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Tuesday, December 21, 2010

Florida's remediation rates, some of the highest in the nation

Florida State College reports that 70% of grads have to take remedial classes, far exceeding the state average of 55%. -cpg

By Valerie Strauss

For a number of years now, we’ve heard how successful standardized testing dominated-reforms have been in places such as New York City and Florida.

New York City Schools Chancellor Joel Klein has been a leader of modern school reform over the past eight years, as is former Florida Gov. Jeb Bush, who began changing the state’s public education system in 1999 and who still has big influence there. In fact, Klein was influenced by Bush’s pro-choice, test-driven reform.

In both places standardized test scores were used to grade students, schools and now teachers. And in both places, officials pointed to a rise in those test scores as evidence of their success.

The bubble burst in New York City this year when it was discovered that the tests used to measure student progress had gotten increasingly easy to pass.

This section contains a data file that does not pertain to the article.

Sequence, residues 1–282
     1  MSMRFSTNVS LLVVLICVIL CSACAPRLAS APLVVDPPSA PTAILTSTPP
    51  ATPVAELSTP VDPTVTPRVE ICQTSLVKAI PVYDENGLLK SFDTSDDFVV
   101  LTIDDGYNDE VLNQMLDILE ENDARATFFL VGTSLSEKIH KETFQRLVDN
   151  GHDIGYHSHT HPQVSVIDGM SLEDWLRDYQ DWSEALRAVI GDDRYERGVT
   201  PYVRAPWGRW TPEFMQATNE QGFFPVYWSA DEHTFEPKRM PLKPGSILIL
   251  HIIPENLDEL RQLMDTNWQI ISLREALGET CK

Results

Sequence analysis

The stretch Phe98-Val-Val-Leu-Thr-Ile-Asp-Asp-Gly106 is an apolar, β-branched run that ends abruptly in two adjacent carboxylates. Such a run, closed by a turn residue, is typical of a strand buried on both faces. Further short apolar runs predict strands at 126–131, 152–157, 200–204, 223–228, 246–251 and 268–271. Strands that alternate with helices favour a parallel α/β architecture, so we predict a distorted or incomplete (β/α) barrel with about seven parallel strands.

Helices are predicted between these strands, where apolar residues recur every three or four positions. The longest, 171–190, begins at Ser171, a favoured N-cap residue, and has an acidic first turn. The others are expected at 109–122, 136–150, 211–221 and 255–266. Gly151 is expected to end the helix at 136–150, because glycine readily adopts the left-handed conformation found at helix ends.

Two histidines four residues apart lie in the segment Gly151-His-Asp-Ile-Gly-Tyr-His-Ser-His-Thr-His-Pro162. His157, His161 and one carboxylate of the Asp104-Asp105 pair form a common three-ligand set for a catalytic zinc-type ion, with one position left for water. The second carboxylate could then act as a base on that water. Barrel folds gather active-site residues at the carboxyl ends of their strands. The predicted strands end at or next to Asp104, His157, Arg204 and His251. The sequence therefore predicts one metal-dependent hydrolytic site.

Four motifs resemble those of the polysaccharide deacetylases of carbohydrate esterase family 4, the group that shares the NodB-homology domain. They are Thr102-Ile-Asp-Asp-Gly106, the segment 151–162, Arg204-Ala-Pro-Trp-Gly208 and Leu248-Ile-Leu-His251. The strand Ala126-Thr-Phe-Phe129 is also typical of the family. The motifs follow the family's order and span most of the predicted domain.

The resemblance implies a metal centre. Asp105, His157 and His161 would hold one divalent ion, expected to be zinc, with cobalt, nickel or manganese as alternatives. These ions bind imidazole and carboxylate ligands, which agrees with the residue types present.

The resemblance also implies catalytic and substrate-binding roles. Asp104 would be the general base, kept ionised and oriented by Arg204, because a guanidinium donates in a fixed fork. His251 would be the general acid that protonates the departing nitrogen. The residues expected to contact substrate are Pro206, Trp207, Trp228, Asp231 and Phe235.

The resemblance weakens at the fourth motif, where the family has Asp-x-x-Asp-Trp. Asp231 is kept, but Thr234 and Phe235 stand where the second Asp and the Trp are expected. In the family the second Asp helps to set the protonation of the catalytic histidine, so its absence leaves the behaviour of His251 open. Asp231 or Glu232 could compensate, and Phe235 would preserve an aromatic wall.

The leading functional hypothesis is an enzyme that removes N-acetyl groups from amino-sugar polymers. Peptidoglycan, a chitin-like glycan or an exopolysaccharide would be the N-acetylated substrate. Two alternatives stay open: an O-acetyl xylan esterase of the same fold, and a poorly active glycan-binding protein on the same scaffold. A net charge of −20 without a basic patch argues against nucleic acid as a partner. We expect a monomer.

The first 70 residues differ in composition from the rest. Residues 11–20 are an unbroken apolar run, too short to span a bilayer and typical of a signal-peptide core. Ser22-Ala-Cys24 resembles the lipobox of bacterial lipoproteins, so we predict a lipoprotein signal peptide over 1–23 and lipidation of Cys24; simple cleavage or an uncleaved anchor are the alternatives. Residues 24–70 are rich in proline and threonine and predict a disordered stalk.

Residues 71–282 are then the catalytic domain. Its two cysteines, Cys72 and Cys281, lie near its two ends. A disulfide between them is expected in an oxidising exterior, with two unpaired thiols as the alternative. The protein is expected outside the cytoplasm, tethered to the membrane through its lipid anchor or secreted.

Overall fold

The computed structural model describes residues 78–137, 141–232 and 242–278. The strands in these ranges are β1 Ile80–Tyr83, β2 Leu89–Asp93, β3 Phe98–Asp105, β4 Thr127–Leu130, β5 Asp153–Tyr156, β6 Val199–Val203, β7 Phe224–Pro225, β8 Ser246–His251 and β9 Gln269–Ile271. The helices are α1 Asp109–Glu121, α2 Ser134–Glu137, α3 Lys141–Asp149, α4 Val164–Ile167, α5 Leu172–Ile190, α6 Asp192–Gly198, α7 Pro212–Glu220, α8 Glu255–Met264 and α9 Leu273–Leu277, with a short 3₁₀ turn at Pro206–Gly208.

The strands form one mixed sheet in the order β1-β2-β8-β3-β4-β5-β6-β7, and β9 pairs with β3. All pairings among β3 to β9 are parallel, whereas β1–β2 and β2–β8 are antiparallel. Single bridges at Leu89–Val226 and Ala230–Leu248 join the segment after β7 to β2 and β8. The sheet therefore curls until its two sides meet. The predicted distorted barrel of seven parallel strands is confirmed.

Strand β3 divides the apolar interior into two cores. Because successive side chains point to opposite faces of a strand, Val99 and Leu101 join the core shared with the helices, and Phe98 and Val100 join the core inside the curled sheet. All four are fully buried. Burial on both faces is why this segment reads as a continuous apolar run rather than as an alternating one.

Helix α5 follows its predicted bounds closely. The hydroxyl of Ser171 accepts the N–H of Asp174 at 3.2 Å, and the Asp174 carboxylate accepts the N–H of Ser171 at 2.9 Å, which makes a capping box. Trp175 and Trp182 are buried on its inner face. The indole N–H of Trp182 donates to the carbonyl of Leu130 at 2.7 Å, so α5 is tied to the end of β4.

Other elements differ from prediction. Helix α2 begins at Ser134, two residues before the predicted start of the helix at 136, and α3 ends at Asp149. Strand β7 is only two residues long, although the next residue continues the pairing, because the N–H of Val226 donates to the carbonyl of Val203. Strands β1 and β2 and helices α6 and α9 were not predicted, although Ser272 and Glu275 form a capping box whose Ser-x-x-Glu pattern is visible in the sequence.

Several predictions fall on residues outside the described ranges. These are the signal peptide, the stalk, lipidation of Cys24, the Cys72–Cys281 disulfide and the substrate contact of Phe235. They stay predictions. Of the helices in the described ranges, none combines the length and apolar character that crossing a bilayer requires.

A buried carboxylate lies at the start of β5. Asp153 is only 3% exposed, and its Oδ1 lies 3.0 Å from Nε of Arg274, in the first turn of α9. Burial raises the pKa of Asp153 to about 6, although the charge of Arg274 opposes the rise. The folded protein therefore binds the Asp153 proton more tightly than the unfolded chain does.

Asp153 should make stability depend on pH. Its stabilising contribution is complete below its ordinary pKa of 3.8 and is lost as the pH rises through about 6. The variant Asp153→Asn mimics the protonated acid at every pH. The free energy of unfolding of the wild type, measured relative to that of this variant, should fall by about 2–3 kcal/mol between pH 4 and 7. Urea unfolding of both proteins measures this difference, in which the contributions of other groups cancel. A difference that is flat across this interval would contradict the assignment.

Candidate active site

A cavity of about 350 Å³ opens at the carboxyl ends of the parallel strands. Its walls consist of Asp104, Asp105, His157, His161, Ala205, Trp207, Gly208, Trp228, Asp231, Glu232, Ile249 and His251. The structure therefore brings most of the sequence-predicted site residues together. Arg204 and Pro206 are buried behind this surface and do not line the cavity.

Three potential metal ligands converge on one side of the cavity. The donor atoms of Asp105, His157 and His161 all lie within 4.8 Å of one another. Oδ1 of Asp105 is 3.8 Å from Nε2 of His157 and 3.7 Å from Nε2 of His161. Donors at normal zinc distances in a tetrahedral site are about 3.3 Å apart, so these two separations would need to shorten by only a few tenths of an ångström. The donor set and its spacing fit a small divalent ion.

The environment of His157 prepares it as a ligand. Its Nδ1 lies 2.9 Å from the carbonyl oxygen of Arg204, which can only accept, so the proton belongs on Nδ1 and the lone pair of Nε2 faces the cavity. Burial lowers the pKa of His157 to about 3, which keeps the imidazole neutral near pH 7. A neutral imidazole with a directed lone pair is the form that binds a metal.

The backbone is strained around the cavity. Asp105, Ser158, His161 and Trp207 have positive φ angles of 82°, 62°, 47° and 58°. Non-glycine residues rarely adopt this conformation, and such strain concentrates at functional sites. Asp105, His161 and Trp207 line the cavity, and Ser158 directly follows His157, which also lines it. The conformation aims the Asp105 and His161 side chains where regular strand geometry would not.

But now there’s another factor that raises questions about just what is going on New York City’s schools: the remediation rate in city community colleges.

Newly released figures show that nearly 75 percent of city high students entering City University community colleges could not pass placement exams in reading, math and writing this year, requiring remediation.

That’s up from 71 percent in 2009 but down from 2002, when 82 percent needed remediation, according to the New York Daily News.

So after eight years of Klein reforms, the remediation rate has gone from 82 percent to nearly 75 percent.

Not exactly a record to be proud of.

Down in Florida, the Florida Department of Education reports that 55% of all students entering Florida’s public post-secondary institutions require remediation in mathematics, reading, and/or writing. And that figure has remained steady for a number of years.

If the school reforms are as great as advertised, shouldn’t these remediation numbers be declining?

Taken from the Washington Post:

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